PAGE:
Patients coming in to their first pregnancy visit will read in our “Frequently Asked Questions” document that our doctors do not recommend or offer vaginal delivery after C-section, also known as “VBAC” (Pronounced “Vee-back”). Although this is offered by some doctors in the community, we feel that it is important for you to understand our reasoning and at times can recommend another group who may feel differently if a patient feels strongly about attempting VBAC.
We understand that very few patients wanted to have a C-section when it occurred the first time, and it can be a very disappointing time and can be attached to a whole bunch of emotions about losing an experience that we really longed for, and sometimes even felt was necessary to be a complete woman or mother. For many women vaginal delivery is almost a rite of passage and taking away the possibility that this will ever happen can be heartbreaking. While understanding that fully, we also know that most women agree that the primary goal in pregnancy is to have a healthy baby, and the decision about whether or not to have a C-section must always have that goal in the forefront, eclipsing all others.
Sometimes the decision to have that first C-section is relatively easy, like when the baby is in acute distress. While still disappointing, we find much less emotional aftermath in that kind of situation than in cases when something happened that the patient can imagine was at least partly under her control. If the baby just would not come out after a prolonged labor and a C-section was the result, we can torture ourselves with ideas like “maybe I could have pushed harder”, “maybe I should have waited longer”, or if the baby was too big or was breech “may I should have gained less weight or not done (enter any activity) that could have cause the baby not to turn”.
It is amazing how our brains can play these tricks on us, and not surprising how strongly we might feel about making this right next time, and achieving or goal with the next pregnancy to compensate for whatever we feel that we lost the first time. In many instances I have found that a strong desire for VBAC is coming from this type of emotional place, which can feel so strong that it surpasses our real goal of putting the baby first.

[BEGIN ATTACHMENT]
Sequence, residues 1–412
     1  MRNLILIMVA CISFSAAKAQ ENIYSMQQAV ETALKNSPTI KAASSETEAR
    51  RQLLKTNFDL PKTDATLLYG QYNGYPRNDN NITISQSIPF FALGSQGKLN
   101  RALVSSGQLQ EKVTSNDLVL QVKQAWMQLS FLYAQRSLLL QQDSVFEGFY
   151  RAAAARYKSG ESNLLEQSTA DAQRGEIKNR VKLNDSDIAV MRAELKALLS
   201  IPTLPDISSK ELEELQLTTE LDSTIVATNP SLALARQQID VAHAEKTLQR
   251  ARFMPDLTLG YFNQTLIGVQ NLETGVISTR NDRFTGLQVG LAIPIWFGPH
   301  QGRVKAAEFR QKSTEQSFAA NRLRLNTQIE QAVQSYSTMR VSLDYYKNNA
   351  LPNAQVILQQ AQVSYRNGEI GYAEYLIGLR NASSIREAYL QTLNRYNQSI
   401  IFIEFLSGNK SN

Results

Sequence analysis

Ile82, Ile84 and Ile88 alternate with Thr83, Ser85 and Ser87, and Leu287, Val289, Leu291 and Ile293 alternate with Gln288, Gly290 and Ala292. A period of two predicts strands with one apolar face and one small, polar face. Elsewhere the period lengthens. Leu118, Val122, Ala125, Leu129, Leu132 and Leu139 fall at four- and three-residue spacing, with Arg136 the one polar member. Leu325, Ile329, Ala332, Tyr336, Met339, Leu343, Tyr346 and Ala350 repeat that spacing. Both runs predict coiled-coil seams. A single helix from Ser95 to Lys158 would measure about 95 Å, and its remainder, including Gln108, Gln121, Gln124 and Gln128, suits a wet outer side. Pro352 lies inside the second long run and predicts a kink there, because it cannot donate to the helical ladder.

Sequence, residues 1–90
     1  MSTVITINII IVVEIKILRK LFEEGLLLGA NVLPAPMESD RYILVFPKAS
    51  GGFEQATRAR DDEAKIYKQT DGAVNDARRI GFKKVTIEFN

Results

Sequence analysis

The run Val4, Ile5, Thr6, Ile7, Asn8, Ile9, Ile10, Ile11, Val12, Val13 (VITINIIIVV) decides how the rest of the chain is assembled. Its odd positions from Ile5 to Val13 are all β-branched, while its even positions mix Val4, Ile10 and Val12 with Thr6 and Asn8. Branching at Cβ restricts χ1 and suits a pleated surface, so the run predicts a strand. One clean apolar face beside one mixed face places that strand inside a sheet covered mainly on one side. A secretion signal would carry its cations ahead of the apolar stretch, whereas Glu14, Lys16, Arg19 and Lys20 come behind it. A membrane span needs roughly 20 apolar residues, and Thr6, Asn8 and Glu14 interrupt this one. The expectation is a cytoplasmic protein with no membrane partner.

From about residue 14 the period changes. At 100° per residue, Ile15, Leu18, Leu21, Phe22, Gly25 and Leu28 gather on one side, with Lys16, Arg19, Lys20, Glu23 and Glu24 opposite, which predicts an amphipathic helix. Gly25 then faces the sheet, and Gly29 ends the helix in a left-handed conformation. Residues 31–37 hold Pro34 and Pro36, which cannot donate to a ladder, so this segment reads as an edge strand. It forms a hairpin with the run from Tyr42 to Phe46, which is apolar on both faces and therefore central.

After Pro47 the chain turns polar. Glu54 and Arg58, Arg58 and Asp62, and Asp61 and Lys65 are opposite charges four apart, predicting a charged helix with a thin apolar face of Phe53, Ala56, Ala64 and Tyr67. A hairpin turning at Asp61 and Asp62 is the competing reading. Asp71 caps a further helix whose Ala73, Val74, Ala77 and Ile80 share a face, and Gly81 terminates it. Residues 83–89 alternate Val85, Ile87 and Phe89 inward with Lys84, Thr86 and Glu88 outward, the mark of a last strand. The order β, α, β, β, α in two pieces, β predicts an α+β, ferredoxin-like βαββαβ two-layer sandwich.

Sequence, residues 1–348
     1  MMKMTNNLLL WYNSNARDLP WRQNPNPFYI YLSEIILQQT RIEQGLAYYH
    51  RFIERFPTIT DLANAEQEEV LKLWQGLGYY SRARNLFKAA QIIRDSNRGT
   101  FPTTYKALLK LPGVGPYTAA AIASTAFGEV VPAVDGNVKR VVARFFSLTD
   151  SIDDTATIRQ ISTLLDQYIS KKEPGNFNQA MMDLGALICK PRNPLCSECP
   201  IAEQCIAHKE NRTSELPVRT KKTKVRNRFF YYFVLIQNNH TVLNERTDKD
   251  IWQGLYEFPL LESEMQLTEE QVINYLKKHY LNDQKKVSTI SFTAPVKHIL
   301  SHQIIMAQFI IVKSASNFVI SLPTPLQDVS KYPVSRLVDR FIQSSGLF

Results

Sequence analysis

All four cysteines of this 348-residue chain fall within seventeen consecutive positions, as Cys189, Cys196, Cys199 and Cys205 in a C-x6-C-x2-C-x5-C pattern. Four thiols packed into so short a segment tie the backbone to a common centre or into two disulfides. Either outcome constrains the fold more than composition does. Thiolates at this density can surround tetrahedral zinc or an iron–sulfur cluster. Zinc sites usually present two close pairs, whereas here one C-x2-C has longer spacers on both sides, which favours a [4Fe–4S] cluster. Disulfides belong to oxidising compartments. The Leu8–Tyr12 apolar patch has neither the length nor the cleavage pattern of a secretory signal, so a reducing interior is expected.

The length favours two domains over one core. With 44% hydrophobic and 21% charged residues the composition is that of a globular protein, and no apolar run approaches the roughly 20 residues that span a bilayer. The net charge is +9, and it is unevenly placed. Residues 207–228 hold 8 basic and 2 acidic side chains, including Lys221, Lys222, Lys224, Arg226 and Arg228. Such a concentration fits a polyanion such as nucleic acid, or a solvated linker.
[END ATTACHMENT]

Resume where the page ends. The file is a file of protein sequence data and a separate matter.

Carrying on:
Granted, few people want a C-section. It is a fairly major surgery, it hurts afterwards for a couple of weeks, and goes against some of our strongest desires to let things happen naturally, let the baby come when she wants to, and to be a “real woman” by having the experience of labor and delivering a baby vaginally. For many of us these are all strongly imprinted ideas that go beyond our culture and back to a very primal level. It’s good to keep in mind that currently in countries where C-sections are not available (and in the relatively recent past in our own country), obstetric disasters are common; mothers and babies are permanently damaged or die regularly, and “letting things happen naturally” is proven to be not always such a good idea. (There is a prior blog on this topic, at the following link: http://cwccblog.com/a-world-with-no-c-sections/).
After we have had one C-section for whatever reason, as much as we might grieve about that reality, there is a scar on the uterus itself which is always a weak point, and that scar can cause major issues in future labors if labor is allowed to take place. Generally C-sections are done though a horizontal incision low on the uterus, which we call a “low transverse” C-section. (Sometimes the incision on the skin may be vertical, but the incision on the uterus is almost always horizontal). Rarely a C-section is done through a vertical uterine incision (the skin incision in this case may be horizontal, so you can’t judge by the skin) which is called a “classical” C-section since that is how they all used to be done in the old days. Very preterm babies or babies in unusual positions such as being sideways may occasionally be delivered by a classical C-section, but at CWCC that represents less than 1% of C-sections.